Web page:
Written August 12, 2015, USA
Isis was my English Bulldog. She was my inspiration, my life, and what made me love waking in the morning, and looking forward to curling up with her early in the evening to help her fall asleep. Isis passed away the day before her fifteenth birthday, and while fifteen is an incredible age for any dog, English bulldogs have an average life of 8-10 years, added to this is that when I rescued Isis, she was not expected to live six days.
To jump ahead, in the last two years of her life, Isis was blind and deaf, and I cannot count how many times people would see me walking her in her jogger (more on that soon) and ask why I do not let her go. When I would come home from a day at my studio I would stomp on the floor causing a vibration that would make Isis wake, and with her gift of scent, she would run straight to me, barking and wagging her little pig tail.
What I learned from her is that even without sight and sound, other senses are just as important. Isis followed me by my scent, and it was amazing to watch her navigate from room to room. I have two other dogs, Aurora, my basset hound, and Anubis, my miniature pinscher. Watching these two acclimate to Isis was amazing. When Isis first went blind she would walk into walls and furniture, so I removed everything to make direct paths for her. But this became unnecessary because both Aurora and Anubis would each walk on either side of Isis and when Isis would begin to walk towards a wall or furniture they would bump her with their bodies and guide her in the right direction. There was never a day that I did not watch in amazement.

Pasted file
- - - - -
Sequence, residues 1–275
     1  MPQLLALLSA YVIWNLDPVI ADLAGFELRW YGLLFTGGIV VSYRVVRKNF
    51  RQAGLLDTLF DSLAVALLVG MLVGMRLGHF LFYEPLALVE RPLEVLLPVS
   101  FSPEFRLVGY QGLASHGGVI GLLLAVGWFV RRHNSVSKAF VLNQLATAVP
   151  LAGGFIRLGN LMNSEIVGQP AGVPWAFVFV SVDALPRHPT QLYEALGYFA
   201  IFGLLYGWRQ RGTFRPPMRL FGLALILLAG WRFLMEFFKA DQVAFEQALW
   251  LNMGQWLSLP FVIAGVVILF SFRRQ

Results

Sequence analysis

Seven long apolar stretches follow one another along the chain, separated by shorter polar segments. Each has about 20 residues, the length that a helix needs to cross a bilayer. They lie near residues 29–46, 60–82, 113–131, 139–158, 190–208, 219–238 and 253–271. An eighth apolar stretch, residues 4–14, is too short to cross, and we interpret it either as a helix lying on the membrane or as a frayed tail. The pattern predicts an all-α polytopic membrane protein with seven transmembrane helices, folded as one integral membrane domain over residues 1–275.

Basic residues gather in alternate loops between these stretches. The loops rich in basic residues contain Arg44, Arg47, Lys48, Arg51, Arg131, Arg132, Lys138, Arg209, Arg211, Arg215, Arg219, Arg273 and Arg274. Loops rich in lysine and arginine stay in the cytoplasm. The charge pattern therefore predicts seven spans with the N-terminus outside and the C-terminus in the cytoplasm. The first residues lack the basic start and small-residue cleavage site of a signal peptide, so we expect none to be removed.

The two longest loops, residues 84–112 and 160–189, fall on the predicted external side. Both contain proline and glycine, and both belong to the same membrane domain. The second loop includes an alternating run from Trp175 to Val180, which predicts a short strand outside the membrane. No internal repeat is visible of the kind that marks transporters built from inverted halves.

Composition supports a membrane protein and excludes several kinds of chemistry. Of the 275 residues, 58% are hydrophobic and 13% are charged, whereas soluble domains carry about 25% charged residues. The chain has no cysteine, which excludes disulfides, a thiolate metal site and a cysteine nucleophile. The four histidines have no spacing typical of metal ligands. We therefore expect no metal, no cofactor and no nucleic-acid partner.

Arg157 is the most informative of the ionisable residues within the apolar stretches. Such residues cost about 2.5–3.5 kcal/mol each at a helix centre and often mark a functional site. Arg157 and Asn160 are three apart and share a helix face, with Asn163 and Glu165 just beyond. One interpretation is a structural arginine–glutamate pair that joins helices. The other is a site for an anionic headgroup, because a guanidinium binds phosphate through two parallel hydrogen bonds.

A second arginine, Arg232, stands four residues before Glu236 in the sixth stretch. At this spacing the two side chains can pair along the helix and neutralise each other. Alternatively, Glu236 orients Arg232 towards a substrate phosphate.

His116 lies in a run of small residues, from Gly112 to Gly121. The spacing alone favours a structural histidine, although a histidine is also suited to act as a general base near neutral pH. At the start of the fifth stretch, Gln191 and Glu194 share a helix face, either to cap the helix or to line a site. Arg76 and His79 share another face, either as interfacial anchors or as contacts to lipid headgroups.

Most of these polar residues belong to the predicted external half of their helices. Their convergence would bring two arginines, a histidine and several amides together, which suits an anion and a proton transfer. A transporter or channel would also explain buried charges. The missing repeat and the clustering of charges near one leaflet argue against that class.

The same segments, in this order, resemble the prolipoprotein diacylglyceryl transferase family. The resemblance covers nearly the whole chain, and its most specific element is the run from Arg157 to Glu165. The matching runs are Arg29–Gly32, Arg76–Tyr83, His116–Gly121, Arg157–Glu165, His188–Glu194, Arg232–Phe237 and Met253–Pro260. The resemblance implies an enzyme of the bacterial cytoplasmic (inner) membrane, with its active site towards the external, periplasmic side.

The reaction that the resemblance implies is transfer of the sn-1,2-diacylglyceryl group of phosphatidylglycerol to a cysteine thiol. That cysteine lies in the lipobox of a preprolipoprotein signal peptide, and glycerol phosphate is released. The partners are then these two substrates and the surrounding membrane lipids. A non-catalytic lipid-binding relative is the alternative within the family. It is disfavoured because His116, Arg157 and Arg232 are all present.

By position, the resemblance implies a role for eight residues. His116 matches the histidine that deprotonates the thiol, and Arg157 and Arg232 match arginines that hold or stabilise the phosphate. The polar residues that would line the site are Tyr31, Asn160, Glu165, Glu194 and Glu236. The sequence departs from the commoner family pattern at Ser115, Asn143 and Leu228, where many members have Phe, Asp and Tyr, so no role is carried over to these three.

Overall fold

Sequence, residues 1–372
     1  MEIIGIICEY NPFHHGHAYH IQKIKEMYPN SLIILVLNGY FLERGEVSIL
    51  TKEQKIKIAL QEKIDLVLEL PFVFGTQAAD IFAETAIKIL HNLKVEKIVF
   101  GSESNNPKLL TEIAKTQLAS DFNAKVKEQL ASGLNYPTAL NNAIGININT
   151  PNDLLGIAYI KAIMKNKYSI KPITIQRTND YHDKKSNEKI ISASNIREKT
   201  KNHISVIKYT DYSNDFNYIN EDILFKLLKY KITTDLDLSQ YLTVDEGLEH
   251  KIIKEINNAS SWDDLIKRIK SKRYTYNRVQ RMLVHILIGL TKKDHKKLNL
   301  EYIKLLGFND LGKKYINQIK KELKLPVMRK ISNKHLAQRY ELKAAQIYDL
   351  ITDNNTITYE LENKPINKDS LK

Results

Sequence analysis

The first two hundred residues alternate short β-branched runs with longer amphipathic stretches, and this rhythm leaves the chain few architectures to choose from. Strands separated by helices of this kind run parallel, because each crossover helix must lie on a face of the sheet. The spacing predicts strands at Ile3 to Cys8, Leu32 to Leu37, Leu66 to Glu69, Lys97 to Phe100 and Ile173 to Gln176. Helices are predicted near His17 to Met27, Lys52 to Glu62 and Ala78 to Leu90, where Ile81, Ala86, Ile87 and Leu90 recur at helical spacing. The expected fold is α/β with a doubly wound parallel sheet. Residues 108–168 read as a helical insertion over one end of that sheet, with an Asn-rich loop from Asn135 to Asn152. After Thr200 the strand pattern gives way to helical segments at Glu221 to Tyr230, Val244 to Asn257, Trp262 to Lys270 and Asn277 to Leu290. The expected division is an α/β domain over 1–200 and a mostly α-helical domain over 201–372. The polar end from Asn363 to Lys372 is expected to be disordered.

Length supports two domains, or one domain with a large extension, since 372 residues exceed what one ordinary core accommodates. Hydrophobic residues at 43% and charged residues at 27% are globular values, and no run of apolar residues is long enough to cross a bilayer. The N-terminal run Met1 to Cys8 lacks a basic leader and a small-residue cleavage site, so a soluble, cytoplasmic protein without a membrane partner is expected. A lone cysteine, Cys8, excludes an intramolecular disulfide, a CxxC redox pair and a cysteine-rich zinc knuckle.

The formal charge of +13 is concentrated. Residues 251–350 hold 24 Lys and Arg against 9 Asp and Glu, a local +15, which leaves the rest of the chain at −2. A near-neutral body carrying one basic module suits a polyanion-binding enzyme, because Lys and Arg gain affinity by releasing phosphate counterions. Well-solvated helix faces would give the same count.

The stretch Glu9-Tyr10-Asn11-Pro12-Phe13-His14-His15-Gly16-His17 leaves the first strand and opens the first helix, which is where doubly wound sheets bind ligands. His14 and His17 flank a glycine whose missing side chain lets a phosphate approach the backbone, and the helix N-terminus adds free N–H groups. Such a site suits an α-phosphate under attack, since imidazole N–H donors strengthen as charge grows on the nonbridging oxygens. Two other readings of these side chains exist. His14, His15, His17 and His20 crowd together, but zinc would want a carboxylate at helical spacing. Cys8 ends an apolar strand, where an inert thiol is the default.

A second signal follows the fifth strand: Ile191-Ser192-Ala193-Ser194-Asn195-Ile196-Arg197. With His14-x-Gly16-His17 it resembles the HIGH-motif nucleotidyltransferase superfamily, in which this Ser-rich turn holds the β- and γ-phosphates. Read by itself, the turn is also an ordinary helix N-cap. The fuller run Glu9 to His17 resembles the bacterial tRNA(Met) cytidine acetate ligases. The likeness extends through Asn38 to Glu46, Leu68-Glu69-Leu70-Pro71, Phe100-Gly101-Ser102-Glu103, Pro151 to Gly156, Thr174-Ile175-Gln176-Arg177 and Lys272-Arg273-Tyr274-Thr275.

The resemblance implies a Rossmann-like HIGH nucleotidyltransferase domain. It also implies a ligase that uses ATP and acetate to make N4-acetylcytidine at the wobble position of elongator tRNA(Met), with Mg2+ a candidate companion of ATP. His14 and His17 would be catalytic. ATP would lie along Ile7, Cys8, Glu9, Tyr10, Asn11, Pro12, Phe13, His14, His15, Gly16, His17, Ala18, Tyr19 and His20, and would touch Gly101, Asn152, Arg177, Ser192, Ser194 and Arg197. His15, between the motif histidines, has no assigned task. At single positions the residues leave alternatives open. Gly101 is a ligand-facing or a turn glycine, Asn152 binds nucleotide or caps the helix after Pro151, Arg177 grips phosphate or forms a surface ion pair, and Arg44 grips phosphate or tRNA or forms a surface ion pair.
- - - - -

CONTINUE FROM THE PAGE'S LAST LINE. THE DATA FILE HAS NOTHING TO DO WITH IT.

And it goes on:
Isis slept under my painting table every day and night for fifteen years. Now my friends who know me know I absolutely love to paint and have been known to paint through marathon sessions of 15-16 hours at a time. What almost all of them do not know until now is that these painting marathons were not always because I was lost in my own world of creating, but because Isis was sleeping with her head on my foot and if I moved she would wake. As crazy as this may sound, if you have never seen and heard an English bulldog sleep, I have included a video. Tongue hanging out to the floor, dried like a salami, and the wall-rumbling from the loud snoring. There was just something very comforting to know she was in a blissful dream. In a very eccentric way Isis inspired me to continue to create far into the night.
When Isis could no longer walk long distances she would sit regally in her jogger, like a queen in her throne, as I hiked the canyons and ran along the sea. She sat with her face jutting forward, feeling the wind in her face, and yes, she smiled. She could no longer see the views or hear the crashing of the waves and siren calls of the seagulls, but she would get excited as we ran closer to the beach, smelling the salt air, and feeling the spray of the waves on her face.
Isis taught me that even when we lose things we feel we need, there is always a brighter direction to face. There is a recurring theme in my creations, that of finding the beauty in tragedy. As a tribute to Isis, I now add a small set of two footprints, one representing me, and a set of paw prints for Isis, side-by-side as an homage to our walks in the sand. Because, for me, a butterfly symbolizes life, loss, and the everlasting colorful memories, Isis lived, was lost, and has left me with colorful memories to brighten my days and fill my dreams.
So I ask everyone to close your eyes, open your mind, imagine what others cannot see, and create what others wish to believe.